• Judge Graham attempted to circumvent the appellate process by using intimidation.

These allegations and others fully documented at: (1); or (2)Documented Acts of Misconduct by U.S. Dist. Judge Donald L. Graham. As of this date, the Judges at the Eleventh Circuit have allowed Teflon Don to escape rebuke and condemnation as Judge Graham has not been punished in any way for these acts. For example, many of these allegations were mentioned in a direct appeal and simply ignored by the appellate panel, see “Eleventh Circuit Case No. 01-13664: The Appeal From Hell“. Petitions for mandamus met with a similar fate, see for example, Case No. 01-15754, “Eleventh Circuit Disses The U.S. Supreme Court Chooses To Protect Judge Graham“. Judge Graham’s behavior easily fits within positively defined definitions of judicial misconduct.


Judicial Misconduct has been defined by Jeffrey M. Shaman, DePaul University Law, Steven Lubet, Professor, Northwestern University Law, James J. Alfini President and Dean, South Texas College of Law, U.S. Judge Alex Kozinski, United States Court of Appeals for the Ninth Circuit, in part as:

Judicial action taken without any arguable legal basis —and without giving notice and an opportunity to be heard to the party adversely affected—is far worse than simple error or abuse of discretion; it’s an abuse of judicial power that is “prejudicial to the effective and expeditious administration of the business of the courts.” See 28 U.S.C. § 351(a); Shaman, Lubet & Alfini, supra, § 2.02, at 37 (“Serious legal error is more likely to amount to misconduct than a minor mistake.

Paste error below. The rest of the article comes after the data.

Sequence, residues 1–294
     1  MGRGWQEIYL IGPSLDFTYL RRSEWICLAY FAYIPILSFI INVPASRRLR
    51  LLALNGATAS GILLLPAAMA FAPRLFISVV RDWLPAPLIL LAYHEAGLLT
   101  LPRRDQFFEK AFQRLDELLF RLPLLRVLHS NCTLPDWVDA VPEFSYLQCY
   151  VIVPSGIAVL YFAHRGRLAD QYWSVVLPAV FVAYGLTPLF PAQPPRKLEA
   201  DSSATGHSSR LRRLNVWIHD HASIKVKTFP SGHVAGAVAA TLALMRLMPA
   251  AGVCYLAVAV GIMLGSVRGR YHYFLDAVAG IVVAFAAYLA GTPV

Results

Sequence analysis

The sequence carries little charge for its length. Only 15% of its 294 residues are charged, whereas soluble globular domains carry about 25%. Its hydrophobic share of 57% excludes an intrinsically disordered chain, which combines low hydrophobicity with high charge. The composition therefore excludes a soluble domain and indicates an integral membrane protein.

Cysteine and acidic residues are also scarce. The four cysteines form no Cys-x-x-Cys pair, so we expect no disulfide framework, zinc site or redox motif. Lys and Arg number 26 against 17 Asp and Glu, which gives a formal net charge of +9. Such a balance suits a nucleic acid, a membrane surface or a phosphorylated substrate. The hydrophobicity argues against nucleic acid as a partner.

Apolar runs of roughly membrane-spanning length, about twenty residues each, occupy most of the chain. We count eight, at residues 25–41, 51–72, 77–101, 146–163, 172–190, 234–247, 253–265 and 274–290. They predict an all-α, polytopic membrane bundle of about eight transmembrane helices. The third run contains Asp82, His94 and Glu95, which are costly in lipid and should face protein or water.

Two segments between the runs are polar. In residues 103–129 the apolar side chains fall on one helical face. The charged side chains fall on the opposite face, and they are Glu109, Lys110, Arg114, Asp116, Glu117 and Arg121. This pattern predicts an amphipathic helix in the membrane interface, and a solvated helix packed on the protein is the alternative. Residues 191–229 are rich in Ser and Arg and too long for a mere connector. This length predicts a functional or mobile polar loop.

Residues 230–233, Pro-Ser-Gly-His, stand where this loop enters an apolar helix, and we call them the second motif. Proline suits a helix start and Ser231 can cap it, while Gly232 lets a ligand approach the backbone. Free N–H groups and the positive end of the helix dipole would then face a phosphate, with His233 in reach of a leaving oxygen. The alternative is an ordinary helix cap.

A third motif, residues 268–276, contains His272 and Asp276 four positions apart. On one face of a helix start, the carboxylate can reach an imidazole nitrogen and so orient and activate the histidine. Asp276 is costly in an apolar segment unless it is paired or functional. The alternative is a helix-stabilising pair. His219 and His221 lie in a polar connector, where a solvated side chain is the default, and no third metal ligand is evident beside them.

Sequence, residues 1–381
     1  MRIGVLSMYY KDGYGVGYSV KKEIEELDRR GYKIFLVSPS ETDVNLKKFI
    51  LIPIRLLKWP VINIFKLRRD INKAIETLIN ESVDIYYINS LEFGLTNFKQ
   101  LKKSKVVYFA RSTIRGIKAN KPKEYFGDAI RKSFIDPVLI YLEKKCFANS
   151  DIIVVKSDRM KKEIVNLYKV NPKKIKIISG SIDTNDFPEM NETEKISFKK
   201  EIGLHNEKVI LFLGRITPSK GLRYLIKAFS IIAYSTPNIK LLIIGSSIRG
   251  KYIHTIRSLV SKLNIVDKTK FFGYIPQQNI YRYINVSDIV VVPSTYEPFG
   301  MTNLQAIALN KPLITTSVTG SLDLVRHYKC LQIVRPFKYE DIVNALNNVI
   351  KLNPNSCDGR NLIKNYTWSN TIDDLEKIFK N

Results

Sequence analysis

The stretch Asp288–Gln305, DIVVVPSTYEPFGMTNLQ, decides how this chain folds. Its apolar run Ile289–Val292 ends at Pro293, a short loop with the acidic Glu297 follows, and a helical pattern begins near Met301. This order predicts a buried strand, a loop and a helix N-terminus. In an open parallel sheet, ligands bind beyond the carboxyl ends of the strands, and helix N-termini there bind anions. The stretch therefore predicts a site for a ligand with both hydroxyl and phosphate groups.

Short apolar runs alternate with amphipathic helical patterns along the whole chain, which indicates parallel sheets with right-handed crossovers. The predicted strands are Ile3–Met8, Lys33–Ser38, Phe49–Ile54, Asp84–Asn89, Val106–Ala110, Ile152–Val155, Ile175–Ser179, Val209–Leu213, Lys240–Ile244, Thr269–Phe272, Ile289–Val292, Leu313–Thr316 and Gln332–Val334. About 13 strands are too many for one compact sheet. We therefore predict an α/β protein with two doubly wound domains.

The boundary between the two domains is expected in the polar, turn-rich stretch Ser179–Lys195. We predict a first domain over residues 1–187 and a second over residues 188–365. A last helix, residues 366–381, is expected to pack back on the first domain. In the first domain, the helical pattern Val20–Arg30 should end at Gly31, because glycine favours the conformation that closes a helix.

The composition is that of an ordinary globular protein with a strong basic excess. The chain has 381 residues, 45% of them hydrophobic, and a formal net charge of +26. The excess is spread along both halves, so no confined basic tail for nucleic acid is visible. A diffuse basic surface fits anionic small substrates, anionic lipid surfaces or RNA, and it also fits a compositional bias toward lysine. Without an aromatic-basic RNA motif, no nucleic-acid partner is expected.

See Opinion online at:

“[A] judge is guilty of “oppression in office” when that judge intentionally commits acts which he or she knows, or should know, are obviously and seriously wrong under the circumstances and amount to an excessive use of judicial authority.” State v. Colclazier, 2002 OK JUD 1, 106 P.3d 138.

“Where honesty or integrity are at issue, a single action can result in a finding of judicial misconduct.” In re District Judge Ronald F. Kilburn, Case No. 90-478, (Vermont Supreme Court 1991)(citing In re Hill, 152 Vt. 548, 572-75, 568 A.2d 361, 373-75 (1989)). See

“Canon 3A(5) is violated where there is a pattern of unreasonable delay or where a particular instance is so lacking in legitimate justification that it is willful. See Matter of Long, 244 Kan. 719, 724, 772 P.2d 814, 818 (1989) (Canon 3A(5) violated where delay is “significant, extensive, and unjustified”); Sommerville, 364 S.E.2d at 23 n.3 (sanctions appropriate under Canon 3A(5) where there is a pattern of delay resulting from either willful neglect of, or manifest inability to effectively perform, judicial duties); Matter of Alvino, 100 N.J. 92, 97 n.2, 494 A.2d 1014, 1016 n.2 (1985) (delay can violate Canon 3A(5) if “willful” or “typical of the judge’s work”);” See URL:

“Legal error and judicial misconduct are not mutually exclusive.” In Re Feinberg, 5 NY3d 206,New York State Commission on Judicial Conduct.

The University of New Mexico, Institute of Public Law, Judicial Education Center, has put together a Judicial Ethics Handbook which defines judicial misconduct.

If Judge Edmondson had an affirmative definition like the ones described above, then Judge Graham would have to disciplined. If the states are able to cite and list specific examples of judicial misconduct, then there is no reason why the federal judiciary can not do the same. To simply say, no that is not misconduct as Judge Edmondson does reflexively, is not enough.

Pending Judicial Misconduct Complaints

It has been said that the Committee on Judicial Conduct and Disability, has become quite serious in investigating federal judges for misconduct. According to, in March of this year, the Judicial Conference adopted the first-ever binding nationwide procedures for handling complaints of judicial misconduct. As a result of this, Mason submitted to complaints to both the Judicial Conference and Judge Edmondson again.